Katholieke Universiteit Leuven (KULeuven)
The objective of a university is the free and disinterested search for truth. Nothing more than that, but nothing less either. All its other objectives are derivate concretisations of that foundation, namely the well-known trio: scientific research, which searches for the truth; research-based education, which instructs and moulds one towards the truth; and science-based service to society, which assists the truth.
In point of fact, these objectives are so divergent that it seems almost impossible to practice them concurrently: providing a haven to the successors of Aristotle and Newton, teaching an 18-year old how to use a test-tube and voicing opinions on current affairs have so little in common intrinsically that they need an underlying, unifying principle. This principle is to be found precisely in that free and disinterested quest for the truth. Moreover, it is this principle that distinguishes universities fundamentally from all the other participants in the scientific world, which each have differing final goals. When this essential but very fragile principle is threatened, by us or by the outside world, it sickens our soul. Conversely, a university which continues to seek the truth and a society which enthusiastically dares to make that search possible, guarantee the best possible future together, both for themselves and for one another.
Self-evidently, such a fundamental principle must be practiced. Amongst other things, we do this by creating and developing the optimal circumstances for both small-scale and large-scale research, by offering education of the best possible quality, oriented towards independence and the stimulation of an inquisitive disposition, and by manifesting ourselves in the many areas of society where scientific contributions are needed or relevant. In doing all this, we endeavour to create a clear profile, in which our Catholic nature is never repudiated, but which also provides space for philosophical and ideological openness.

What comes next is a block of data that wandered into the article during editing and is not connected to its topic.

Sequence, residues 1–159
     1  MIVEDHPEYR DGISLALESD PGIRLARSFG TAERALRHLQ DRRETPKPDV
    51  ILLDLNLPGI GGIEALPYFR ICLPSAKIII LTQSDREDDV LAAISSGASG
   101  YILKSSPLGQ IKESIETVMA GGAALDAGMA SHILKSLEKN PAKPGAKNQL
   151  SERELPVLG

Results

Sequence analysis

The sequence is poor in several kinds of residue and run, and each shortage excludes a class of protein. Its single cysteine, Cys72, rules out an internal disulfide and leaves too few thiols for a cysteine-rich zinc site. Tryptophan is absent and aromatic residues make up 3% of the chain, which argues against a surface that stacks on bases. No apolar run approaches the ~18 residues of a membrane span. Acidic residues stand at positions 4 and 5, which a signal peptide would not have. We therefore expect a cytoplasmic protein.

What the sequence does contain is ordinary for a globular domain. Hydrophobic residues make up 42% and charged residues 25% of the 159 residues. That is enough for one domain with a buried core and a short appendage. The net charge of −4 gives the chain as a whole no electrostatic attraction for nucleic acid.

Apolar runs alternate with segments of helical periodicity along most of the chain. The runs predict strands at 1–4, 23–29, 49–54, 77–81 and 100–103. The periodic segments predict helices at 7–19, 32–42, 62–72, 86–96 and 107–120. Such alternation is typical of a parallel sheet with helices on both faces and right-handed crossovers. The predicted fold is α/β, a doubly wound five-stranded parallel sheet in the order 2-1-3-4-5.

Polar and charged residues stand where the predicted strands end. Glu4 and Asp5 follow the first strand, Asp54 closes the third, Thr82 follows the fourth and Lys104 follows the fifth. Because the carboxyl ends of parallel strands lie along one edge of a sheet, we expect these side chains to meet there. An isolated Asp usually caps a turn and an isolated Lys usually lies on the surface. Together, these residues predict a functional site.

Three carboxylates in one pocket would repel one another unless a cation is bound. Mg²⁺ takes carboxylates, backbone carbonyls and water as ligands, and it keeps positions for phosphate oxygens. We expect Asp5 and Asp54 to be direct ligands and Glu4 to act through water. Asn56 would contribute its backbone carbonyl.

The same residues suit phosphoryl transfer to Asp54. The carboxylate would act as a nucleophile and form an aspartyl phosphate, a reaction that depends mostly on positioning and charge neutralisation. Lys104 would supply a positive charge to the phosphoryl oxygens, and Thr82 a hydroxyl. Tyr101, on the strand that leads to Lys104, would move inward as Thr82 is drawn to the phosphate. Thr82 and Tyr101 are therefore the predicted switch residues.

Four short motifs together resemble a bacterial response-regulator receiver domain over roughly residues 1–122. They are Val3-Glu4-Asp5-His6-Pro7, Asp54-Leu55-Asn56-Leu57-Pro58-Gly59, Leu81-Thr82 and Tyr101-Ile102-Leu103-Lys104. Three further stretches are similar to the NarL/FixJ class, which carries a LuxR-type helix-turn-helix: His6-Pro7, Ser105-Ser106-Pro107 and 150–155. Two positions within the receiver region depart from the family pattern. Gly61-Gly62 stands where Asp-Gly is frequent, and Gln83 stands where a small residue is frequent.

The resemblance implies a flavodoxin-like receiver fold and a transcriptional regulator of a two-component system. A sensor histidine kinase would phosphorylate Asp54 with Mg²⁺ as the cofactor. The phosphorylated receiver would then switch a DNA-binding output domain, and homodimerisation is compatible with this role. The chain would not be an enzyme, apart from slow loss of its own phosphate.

We don’t make things easy for ourselves. After all, truth and science only flourish and prosper when they are inspired by the co-operation of active commitment, playful creativity, an ancient value system and a professional framework. This does not just happen, nor do we just make it happen. To work is to work together; not working together is a waste of time. That is why we are organically united to a number of partners, for example the Campus Kortrijk, the University Hospitals or K.U.Leuven Research & Development, all of which are entities that operate fairly independently and are yet inextricable parts of K.U.Leuven. We co-operate closely with the City of Leuven and the Province of Flemish-Brabant, as well as with the Flemish and national governments and our kindred spirit in Louvain-la-Neuve, the UCL. We play a driving and guiding role in the promising collaborative venture of the K.U.Leuven Association. We maintain an abiding bond of friendship and mutual commitment with our thousands of alumni. We search continuously for international partners with whom we can exchange researchers or students or with whom we can join forces in scientific collaborations. Leru and the Coïmbra-group are only two of the important international university organisations in which K.U.Leuven actively participates.
We accomplish all of the above in a strong, close community of people, which also provides space for diversity, marked individuality and even well-founded contrariness, but not for alienating cliques or counterproductive ‘baronies’. Clarity with respect to our policies will contribute to achieving these goals. These policies must not determine what a researcher researches or what a lecturer lectures. However, they must ensure that the preconditions are stipulated in order for research and education to take place under the best possible circumstances. The contribution of administrative services (service being the operative word), unavoidable in large organisations, must be able to withstand the tests of common sense and necessity. A number of elements are indispensable in this regard, such as a policy of diversity that allows every talent to thrive and a staff policy that results in tangibly increasing satisfaction, by making it possible to combine one’s professional and private life easily, for example.
One thing at least should be fairly obvious: K.U.Leuven is an extremely complex whole, with extremely multifaceted ambitions. This website will assist you in forming an image of those aspirations and ambitions. I wish you much wonder, surprise and amazement whilst you explore it.
(Source : http://www.kuleuven.be/about/welcome.html )
The HCI research group within KULeuven has been the core development group of ARIADNE. Research in the HCI group focuses on how people interact with information, relying on language technology (including text and multimedia mining), visualization and computer graphics. The focus is on new algorithms and interaction techniques, using the full spectrum of hardware from small mobile devices to large multi- touch displays. Applications include technology enhanced learning, music, research information systems and virtual worlds.